Years to Citizenship
Arrived in the US
What surprised you when you arrived in the United States?
I was born and grew up in a coastal town in Costa Rica called Zent. I came to the United States when I was 16 years old.
I remember feeling somewhat lost. I knew very little English and wanted to learn. My best friend in high school was Dayday. He would help me with my English. We were always hanging out after school playing basketball. He always had my back. He would translate for me. He would tell other kids what I meant and he would explain to me what I didn’t understand. He was also immersed in my culture. I taught him how to make fried plantains, rice, and beans. He was a blessing in my journey.
I remember trying to perfect the American accent. I remember feeling afraid that they were going to think I’m Hispanic and then reject me. I remember going home to look up words that I didn’t know. I wanted to fit in and connect with people. It was hard to not have that. Now, I fully embrace who I am and feel pride when someone notices my accent.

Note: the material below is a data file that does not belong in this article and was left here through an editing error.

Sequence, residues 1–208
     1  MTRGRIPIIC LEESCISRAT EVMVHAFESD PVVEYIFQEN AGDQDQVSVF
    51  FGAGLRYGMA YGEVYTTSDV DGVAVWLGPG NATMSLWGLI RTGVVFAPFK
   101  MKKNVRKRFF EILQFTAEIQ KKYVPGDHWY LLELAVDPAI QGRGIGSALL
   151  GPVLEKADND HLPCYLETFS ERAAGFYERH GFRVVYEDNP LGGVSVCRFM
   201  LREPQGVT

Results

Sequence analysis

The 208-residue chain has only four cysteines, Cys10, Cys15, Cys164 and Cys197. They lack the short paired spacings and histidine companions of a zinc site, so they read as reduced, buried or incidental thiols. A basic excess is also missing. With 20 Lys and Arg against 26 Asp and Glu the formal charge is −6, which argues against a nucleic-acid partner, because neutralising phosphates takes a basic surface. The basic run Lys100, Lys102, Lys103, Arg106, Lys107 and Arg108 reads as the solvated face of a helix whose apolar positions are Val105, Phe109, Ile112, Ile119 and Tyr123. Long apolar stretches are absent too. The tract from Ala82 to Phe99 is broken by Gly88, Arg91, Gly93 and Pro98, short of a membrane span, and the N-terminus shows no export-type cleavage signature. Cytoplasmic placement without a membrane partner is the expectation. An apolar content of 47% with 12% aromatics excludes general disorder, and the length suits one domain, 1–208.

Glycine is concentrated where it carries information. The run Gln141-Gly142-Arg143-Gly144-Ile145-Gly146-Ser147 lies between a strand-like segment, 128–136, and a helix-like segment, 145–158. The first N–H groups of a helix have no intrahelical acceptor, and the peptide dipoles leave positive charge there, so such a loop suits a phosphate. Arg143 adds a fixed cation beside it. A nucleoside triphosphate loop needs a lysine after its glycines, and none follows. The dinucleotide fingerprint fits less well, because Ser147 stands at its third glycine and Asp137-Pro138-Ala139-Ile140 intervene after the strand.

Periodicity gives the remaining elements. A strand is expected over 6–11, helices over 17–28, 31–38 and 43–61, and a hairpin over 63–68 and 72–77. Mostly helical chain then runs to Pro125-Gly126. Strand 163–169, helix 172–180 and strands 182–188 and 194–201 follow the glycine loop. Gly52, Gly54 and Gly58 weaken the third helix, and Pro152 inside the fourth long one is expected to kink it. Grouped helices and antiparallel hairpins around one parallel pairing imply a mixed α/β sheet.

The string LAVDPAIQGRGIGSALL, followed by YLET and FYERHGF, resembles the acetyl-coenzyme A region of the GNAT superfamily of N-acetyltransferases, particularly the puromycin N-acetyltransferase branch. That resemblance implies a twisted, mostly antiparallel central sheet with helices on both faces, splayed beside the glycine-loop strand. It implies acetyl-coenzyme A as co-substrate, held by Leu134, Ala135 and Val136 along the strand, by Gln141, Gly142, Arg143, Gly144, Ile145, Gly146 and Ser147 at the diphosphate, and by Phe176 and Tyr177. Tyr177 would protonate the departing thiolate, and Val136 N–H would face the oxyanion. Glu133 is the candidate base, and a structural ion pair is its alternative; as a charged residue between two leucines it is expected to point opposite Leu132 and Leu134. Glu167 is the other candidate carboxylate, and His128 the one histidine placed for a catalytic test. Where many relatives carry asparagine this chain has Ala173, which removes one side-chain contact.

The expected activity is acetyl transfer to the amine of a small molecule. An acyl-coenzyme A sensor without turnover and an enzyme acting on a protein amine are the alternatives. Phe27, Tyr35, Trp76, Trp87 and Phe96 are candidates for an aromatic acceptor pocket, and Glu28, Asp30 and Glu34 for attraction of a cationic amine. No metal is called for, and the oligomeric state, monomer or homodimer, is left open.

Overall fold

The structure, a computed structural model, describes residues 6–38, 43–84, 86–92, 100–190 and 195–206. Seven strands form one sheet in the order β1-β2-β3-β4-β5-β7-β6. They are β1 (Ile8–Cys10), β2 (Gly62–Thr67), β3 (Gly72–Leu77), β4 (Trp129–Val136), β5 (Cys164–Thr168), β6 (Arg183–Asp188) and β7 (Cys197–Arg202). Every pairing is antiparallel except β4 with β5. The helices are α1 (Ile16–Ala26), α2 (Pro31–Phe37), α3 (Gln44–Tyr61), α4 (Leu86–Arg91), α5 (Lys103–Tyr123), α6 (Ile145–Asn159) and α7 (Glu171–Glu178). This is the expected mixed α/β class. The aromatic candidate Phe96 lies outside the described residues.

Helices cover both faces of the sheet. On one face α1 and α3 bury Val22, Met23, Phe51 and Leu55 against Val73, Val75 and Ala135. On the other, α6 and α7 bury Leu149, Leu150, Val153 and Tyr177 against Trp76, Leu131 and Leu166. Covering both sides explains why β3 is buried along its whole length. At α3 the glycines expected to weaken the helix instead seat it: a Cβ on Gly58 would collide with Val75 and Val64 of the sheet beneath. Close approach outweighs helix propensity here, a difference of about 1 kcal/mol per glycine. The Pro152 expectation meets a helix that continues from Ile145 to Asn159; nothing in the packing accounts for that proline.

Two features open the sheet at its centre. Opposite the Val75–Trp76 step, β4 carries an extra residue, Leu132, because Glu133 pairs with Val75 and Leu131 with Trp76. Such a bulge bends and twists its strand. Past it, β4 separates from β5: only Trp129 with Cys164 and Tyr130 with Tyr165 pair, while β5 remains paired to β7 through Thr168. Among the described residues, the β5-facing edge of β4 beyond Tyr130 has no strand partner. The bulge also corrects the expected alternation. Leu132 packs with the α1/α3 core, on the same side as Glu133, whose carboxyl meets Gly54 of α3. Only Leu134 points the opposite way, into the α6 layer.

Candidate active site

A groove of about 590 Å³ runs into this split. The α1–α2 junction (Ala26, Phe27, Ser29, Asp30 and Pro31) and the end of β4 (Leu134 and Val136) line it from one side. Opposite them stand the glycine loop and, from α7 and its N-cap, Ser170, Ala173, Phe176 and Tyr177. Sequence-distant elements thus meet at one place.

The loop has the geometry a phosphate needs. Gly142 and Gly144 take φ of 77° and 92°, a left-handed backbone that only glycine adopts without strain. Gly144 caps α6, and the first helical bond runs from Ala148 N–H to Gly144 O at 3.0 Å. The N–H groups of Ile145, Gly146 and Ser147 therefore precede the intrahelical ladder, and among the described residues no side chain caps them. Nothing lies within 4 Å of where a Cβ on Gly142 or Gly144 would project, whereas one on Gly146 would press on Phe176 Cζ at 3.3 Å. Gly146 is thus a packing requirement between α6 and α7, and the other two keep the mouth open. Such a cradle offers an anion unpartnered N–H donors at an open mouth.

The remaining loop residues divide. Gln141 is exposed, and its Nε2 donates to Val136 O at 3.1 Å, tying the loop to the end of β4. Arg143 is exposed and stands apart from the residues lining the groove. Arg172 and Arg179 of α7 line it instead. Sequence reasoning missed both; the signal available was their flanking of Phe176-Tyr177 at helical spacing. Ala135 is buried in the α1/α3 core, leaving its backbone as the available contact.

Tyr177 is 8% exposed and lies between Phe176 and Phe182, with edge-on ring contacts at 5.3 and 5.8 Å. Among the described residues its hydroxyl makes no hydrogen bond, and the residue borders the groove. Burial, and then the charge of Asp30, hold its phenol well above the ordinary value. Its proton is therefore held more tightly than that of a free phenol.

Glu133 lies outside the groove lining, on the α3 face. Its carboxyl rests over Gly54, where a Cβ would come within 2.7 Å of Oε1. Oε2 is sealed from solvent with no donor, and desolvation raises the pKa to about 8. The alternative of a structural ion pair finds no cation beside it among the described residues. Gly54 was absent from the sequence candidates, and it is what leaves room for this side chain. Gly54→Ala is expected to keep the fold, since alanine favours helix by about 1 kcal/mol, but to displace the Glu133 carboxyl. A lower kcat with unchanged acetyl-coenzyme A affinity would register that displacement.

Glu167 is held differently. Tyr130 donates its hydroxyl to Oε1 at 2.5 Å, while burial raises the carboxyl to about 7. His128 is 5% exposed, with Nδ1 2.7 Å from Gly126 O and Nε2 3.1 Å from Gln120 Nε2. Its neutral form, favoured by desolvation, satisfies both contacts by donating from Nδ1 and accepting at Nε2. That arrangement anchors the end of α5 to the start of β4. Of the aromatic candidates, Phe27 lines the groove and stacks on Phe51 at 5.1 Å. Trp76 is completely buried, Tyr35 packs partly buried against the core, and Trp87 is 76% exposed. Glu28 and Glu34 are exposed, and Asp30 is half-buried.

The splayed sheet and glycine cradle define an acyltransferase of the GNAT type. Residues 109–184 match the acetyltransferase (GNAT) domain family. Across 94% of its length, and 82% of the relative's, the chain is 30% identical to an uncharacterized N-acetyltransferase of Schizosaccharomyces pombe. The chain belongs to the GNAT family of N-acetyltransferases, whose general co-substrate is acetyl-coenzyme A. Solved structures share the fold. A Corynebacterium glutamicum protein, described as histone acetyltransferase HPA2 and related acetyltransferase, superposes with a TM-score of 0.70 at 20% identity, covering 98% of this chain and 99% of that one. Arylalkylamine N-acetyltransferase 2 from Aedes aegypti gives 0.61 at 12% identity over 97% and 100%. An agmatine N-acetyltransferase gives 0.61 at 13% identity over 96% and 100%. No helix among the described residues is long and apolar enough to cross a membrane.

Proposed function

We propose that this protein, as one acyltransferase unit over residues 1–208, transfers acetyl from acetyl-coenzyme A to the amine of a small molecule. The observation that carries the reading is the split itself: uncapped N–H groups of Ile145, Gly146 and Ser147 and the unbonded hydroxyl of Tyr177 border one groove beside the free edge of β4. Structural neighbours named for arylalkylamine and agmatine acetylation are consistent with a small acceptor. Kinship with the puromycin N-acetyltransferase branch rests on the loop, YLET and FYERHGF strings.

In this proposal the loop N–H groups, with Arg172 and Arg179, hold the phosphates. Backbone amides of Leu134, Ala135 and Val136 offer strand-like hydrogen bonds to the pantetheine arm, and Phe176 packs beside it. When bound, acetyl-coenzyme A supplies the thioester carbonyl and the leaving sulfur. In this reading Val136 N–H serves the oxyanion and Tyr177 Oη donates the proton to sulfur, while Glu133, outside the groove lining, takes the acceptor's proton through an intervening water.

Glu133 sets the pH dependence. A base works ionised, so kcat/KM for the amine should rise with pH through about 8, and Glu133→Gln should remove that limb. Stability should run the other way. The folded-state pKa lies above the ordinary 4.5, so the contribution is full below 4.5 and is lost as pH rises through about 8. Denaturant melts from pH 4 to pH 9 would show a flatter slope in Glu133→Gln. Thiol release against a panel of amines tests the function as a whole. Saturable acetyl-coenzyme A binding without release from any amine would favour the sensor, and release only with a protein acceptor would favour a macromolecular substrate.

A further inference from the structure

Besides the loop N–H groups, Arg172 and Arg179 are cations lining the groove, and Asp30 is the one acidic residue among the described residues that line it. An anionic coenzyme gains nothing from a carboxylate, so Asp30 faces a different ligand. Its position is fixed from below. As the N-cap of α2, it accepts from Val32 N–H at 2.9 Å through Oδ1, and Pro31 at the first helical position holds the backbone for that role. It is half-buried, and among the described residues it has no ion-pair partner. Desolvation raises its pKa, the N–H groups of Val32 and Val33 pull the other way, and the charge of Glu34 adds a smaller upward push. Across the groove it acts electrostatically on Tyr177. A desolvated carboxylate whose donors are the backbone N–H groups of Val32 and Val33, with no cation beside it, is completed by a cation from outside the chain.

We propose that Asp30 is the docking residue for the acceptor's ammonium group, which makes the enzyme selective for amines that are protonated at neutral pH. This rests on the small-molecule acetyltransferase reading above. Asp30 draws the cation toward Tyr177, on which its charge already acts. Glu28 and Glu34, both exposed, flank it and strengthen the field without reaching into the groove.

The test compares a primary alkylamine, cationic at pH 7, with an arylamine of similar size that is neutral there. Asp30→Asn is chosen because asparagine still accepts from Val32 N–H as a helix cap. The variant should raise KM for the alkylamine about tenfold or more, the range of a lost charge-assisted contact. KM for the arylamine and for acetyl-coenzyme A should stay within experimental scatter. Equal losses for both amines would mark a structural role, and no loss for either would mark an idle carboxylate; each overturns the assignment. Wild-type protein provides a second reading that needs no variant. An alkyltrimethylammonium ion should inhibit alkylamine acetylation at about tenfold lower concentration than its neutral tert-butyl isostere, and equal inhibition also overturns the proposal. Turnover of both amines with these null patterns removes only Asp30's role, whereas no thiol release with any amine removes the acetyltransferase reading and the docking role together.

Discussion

What does your U.S. passport represent?
The first thing that comes to mind: America, thank you. I couldn’t have what I have today in Costa Rica. This is the land of opportunity for me. My U.S. passport represents: privilege, freedom, opportunity, and uncertainty.
What did you gain? What did you give up?
I gave up: Friends and family in Costa Rica.
I gained: An education, a new language, a desire to learn new languages, connection with many cultures, and a new perspective.
What message would you share with a newly arriving immigrant?
Grow thick skin because you will need it. Do what you came here to do, go for your dreams, and you will likely achieve it. This is the land of opportunity. You will cry a few times. They’re going to make you feel different because you are. Be proud of it.